The Company

Set up in 1960, Gulf Bank KSC (GBK) is a Kuwait-based commercial bank, listed on the Kuwait Stock Exchange since 1984. It is currently the fourth-largest bank on the KSE, with a market capitalisation of KD1.1bn ($3.87bn). GBK was one of the worst-hit banks in the MENA region during the 2008 financial crisis after reporting net losses of KD359.5m ($1.26bn), primarily due to derivative transactions and had to be rescued by the Central Bank of Kuwait by guaranteeing all deposits in local banks in order to restore confidence. In January 2009, the bank raised KD376m ($1.32bn) in an emergency rights offering to existing shareholders, and the unsubscribed portion of 16% was taken up by the Kuwait Investment Authority. Later, the bank recovered under the then new leadership, Michel Accad, who steered the company through the financial difficulties till he resigned in October 2013 citing personal reasons. The bank appointed a new CEO, Cesar Gonzalez-Bueno, who took the helm in March 2014. The bank currently operates through 57 branches spread across Kuwait and is the third largest conventional bank and the fourth largest by asset base as compared to the rest of the banks in Kuwait.

GBK made progress with respect to loan quality as non-performing loans (NPLs) declined consistently over the past five years from KD1.1bn ($3.87bn) to KD240.7m ($846.3m) by the end of 2013. The bank increased provisions to KD229.7m ($807.65m) in 2013 from KD209.7m ($737.33m) in 2012. Consequently, its NPL-to-gross loans ratio declined to 6.5% in 2013 from a peak of 30.3% in 2009 and NPL coverage improved to 95% in 2013 as compared to 45% in 2009 and 56% in 2012.

In terms of lending, GBK saw net loans growth of 2.1% to KD3.5bn ($12.31bn) in 2013 despite reporting slightly higher provisions. The growth came particularly from consumer banking and was led by a higher disbursement of personal facilities. On the positive side, the bank was able to reduce its exposure to the financial services and real estate sectors by 4.3% and 9.8%, respectively. Geographically, the loan growth came primarily from the bank’s international portfolio as domestic corporate growth has declined on the back of sluggish growth within Kuwait itself. Despite a lower operating income of KD109.4m ($384.66m) due to a strategic decline in foreign currency and derivative trading, GBK’s net profit improved by 4.1% to KD32.2m ($113.22m) on the back of lower provision charges during 2013, as well as cost-cutting initiatives. The bank’s return on average assets remained in line with 2012’s return of 0.65%, although higher retained earnings in equity led to a marginal decline in return on average equity at 6.9%, slightly below the industry average of 7.7%. On the assets side, customer deposits increased by 2.4% to KD3.3bn ($11.6bn). resulting in a slight decline in the loan-to-deposit ratio at 79.4%. The bank continues to reduce its deposit concentration ratio in an effort to maintain a diversified and stable funding base of core retail and corporate deposits.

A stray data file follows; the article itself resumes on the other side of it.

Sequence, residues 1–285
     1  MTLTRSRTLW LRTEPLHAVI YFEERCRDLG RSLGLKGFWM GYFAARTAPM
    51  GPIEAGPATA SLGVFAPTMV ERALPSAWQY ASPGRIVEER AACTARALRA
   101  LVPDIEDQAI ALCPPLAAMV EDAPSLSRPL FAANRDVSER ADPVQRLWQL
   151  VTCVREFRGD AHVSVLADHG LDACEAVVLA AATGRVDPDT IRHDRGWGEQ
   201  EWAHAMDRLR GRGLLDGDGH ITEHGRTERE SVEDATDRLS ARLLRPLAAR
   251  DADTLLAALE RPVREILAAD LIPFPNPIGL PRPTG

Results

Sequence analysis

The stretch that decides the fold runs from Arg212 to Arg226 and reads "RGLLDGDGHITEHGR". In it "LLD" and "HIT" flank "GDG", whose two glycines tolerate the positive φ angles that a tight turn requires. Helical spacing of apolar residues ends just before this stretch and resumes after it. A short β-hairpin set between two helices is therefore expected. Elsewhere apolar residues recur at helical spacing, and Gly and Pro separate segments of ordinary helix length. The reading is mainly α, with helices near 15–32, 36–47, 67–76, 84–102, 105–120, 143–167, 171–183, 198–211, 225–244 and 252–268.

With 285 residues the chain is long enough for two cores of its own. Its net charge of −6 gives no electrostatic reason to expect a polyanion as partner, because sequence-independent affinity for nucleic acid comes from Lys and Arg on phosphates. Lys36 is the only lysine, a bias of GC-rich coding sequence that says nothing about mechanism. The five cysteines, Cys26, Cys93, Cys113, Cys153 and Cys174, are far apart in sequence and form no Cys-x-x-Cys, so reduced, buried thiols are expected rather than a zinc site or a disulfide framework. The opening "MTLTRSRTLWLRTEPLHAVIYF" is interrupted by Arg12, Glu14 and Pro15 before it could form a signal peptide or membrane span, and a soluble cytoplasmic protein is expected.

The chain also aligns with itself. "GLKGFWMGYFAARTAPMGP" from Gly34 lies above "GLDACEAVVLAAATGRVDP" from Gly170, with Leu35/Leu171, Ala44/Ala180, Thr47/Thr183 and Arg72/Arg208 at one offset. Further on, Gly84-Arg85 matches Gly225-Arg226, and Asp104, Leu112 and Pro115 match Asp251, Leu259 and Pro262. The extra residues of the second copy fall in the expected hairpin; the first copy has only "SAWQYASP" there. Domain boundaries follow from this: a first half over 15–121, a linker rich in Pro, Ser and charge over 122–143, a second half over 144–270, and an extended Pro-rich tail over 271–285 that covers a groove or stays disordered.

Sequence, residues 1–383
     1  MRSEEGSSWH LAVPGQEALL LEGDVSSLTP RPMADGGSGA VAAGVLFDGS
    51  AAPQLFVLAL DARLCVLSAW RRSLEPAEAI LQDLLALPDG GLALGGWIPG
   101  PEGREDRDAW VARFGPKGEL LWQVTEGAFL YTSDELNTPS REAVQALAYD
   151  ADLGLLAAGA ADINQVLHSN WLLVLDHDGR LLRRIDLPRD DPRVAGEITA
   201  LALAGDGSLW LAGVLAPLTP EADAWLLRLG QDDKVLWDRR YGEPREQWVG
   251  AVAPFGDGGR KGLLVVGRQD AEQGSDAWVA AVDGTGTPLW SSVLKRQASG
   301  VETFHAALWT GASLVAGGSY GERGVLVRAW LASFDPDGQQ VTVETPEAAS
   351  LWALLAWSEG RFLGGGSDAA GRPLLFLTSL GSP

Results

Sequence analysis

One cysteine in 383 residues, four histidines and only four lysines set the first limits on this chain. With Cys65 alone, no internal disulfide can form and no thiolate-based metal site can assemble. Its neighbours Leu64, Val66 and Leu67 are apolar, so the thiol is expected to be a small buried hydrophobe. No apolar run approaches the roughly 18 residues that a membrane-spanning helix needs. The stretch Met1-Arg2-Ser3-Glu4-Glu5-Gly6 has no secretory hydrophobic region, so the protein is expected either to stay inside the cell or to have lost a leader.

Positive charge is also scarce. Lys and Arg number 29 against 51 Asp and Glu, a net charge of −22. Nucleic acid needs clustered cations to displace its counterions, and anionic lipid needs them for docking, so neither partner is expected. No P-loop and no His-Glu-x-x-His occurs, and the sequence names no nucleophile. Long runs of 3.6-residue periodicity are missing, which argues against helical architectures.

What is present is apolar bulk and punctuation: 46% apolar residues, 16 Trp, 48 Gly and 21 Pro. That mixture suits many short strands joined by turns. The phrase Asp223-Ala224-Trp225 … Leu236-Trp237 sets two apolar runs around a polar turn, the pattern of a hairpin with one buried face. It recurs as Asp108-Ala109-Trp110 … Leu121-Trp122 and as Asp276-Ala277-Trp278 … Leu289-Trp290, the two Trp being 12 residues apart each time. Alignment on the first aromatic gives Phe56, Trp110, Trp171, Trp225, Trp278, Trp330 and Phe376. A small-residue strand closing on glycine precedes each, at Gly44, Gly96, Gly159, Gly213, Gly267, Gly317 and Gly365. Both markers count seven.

Development Strategy

After accomplishing its turnaround objectives laid out in the previous strategy, GBK is now working on expansion and executing its growth strategy. The bank’s strategy for 2014-16 is based on three core deliverables that include a focus on completing the credit recovery and improvement in asset quality by getting rid of legacy bad loans and a reduction in NPLs, to emphasise building a best-in-class wholesale and retail business leading to lending growth and search for new growth opportunities.

The bank aims to grow its market share in the wholesale and retail businesses through superior sales and service levels for the most profitable customers. GBK’s bottom line is expected to improve in 2014 as corporate lending grows in the domestic market on the back of a much anticipated accelerated implementation of the development plans in Kuwait. GBK has yet to announce its strategy following the appointment of its new CEO. However, GBK’s overall strategy is expected to remain centred around its core competencies of commercial and retail lending within the Kuwaiti market as well as on strengthening its domestic franchise.


You have reached the limit of premium articles you can view for free. 

Choose from the options below to purchase print or digital editions of our Reports. You can also purchase a website subscription giving you unlimited access to all of our Reports online for 12 months.

If you have already purchased this Report or have a website subscription, please login to continue.

The Report: Kuwait 2014

Capital Markets chapter from The Report: Kuwait 2014

Previous article from this chapter and report
Next article from this chapter and report
Cover of The Report: Kuwait 2014

The Report

This article is from the Capital Markets chapter of The Report: Kuwait 2014. Explore other chapters from this report.

Covid-19 Economic Impact Assessments

Stay updated on how some of the world’s most promising markets are being affected by the Covid-19 pandemic, and what actions governments and private businesses are taking to mitigate challenges and ensure their long-term growth story continues.

Register now and also receive a complimentary 2-month licence to the OBG Research Terminal.

Register Here×

Product successfully added to shopping cart